Comparative Genomics and Proteomic Analysis of Assimilatory Sulfate Reduction Pathways in Anaerobic Methanotrophic Archaea

Hang Yu, Dwi Susanti, Shawn E. McGlynn, Connor T. Skennerton, Karuna Chourey, Ramsunder Iyer, Silvan Scheller, Patricia L. Tavormina, Robert L. Hettich, Biswarup Mukhopadhyay, Victoria J. Orphan

Research output: Contribution to journalArticleScientificpeer-review


Sulfate is the predominant electron acceptor for anaerobic oxidationof methane (AOM) in marine sediments. This process is carried out by a syntrophic consortium of anaerobic methanotrophic archaea (ANME) and sulfate reducing bacteria (SRB) through an energy conservation mechanism that is still poorly understood. It was previously hypothesized that ANME alone could couple methane oxidation to dissimilatory sulfate reduction, but a genetic and biochemical basis for this proposal has not been identified. Using comparative genomic and phylogenetic analyses, we found the genetic capacity in ANME and related methanogenic archaea for sulfate reduction, including sulfate adenylyltransferase, APS kinase, APS/PAPS reductase and two different sulfite reductases. Based on characterized homologs and the lack of associated energy conserving complexes, the sulfate reduction pathways in ANME are likely used for assimilation but not dissimilation of sulfate. Environmental metaproteomic analysis confirmed the expression of 6 proteins in the sulfate assimilation pathway of ANME. The highest expressed proteins related to sulfate assimilation were two sulfite reductases, namely assimilatory-type low-molecular-weight sulfite reductase (alSir) and a divergent group of coenzyme F420-dependent sulfite reductase (Group II Fsr). In methane seep sediment microcosm experiments, however, sulfite and zero-valent sulfur amendments were inhibitory to ANME-2a/2c while growth in their syntrophic SRB partner was not observed. Combined with our genomic and metaproteomic results, the passage of sulfur species by ANME as metabolic intermediates for their SRB partners is unlikely. Instead, our findings point to a possible niche for ANME to assimilate inorganic sulfur compounds more oxidized than sulfide in anoxic marine environments.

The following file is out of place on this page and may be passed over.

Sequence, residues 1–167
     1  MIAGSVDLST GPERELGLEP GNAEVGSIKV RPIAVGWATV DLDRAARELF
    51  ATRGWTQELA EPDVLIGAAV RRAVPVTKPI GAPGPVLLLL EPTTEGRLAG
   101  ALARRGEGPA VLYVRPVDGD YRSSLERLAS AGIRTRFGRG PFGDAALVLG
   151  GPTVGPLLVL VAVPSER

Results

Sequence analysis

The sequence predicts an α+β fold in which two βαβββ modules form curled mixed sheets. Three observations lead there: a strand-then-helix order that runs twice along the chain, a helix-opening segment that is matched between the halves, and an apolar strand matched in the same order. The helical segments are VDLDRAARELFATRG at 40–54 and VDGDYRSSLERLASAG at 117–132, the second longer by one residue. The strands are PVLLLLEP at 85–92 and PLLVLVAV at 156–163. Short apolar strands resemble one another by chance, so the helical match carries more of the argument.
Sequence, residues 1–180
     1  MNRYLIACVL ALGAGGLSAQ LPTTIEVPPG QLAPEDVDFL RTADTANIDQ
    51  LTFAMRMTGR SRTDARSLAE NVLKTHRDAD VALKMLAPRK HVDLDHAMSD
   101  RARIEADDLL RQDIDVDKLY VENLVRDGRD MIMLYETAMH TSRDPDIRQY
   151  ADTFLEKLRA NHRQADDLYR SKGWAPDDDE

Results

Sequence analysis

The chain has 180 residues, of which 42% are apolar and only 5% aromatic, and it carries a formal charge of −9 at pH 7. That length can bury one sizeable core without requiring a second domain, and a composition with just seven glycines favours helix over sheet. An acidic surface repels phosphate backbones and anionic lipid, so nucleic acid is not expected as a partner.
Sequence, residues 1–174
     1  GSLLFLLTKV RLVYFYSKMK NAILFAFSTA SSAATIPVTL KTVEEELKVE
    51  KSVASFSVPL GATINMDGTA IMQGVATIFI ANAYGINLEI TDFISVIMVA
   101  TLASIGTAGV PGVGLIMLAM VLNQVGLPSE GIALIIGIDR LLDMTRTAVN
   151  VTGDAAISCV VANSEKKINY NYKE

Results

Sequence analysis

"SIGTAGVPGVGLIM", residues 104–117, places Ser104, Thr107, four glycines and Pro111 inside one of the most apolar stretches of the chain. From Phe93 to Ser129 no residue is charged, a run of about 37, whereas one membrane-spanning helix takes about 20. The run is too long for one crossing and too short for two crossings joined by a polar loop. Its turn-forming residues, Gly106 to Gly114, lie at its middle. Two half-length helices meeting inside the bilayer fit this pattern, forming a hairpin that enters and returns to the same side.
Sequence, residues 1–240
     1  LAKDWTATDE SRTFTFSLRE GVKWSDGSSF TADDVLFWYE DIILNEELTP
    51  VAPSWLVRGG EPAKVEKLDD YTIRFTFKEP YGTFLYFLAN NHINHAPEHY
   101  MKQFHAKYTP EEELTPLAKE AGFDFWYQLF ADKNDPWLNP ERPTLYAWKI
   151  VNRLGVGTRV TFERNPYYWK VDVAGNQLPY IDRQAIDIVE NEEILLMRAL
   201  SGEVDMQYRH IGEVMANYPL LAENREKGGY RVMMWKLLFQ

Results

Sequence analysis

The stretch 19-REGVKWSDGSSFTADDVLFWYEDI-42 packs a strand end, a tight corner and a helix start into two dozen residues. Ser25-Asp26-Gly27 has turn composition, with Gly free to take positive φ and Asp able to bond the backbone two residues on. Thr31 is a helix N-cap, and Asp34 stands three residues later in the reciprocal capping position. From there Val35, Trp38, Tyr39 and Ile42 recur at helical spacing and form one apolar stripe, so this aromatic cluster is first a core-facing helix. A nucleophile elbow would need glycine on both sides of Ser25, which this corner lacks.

Original languageEnglish
Article number2917
Number of pages15
JournalFrontiers in Microbiology
Early online date3 Dec 2018
Publication statusPublished - Dec 2018
MoE publication typeA1 Journal article-refereed


  • sulfur pathway
  • sulfate reduction
  • anaerobic oxidation of methane
  • ANME
  • syntrophy
  • sulfate adenylyltransferase
  • APS/PAPS Reductase
  • sulfite reductase


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